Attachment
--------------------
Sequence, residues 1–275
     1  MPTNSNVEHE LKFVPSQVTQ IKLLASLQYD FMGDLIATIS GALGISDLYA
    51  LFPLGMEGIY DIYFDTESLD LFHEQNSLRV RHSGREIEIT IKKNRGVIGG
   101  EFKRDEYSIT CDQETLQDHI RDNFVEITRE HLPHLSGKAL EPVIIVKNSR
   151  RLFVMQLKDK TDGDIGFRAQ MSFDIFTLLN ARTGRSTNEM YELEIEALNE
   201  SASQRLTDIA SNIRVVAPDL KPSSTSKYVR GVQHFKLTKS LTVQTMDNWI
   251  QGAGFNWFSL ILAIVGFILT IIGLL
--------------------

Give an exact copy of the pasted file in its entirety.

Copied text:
Sequence, residues 1–275
     1  MPTNSNVEHE LKFVPSQVTQ IKLLASLQYD FMGDLIATIS GALGISDLYA
    51  LFPLGMEGIY DIYFDTESLD LFHEQNSLRV RHSGREIEIT IKKNRGVIGG
   101  EFKRDEYSIT CDQETLQDHI RDNFVEITRE HLPHLSGKAL EPVIIVKNSR
   151  RLFVMQLKDK TDGDIGFRAQ MSFDIFTLLN ARTGRSTNEM YELEIEALNE
   201  SASQRLTDIA SNIRVVAPDL KPSSTSKYVR GVQHFKLTKS LTVQTMDNWI
   251  QGAGFNWFSL ILAIVGFILT IIGLL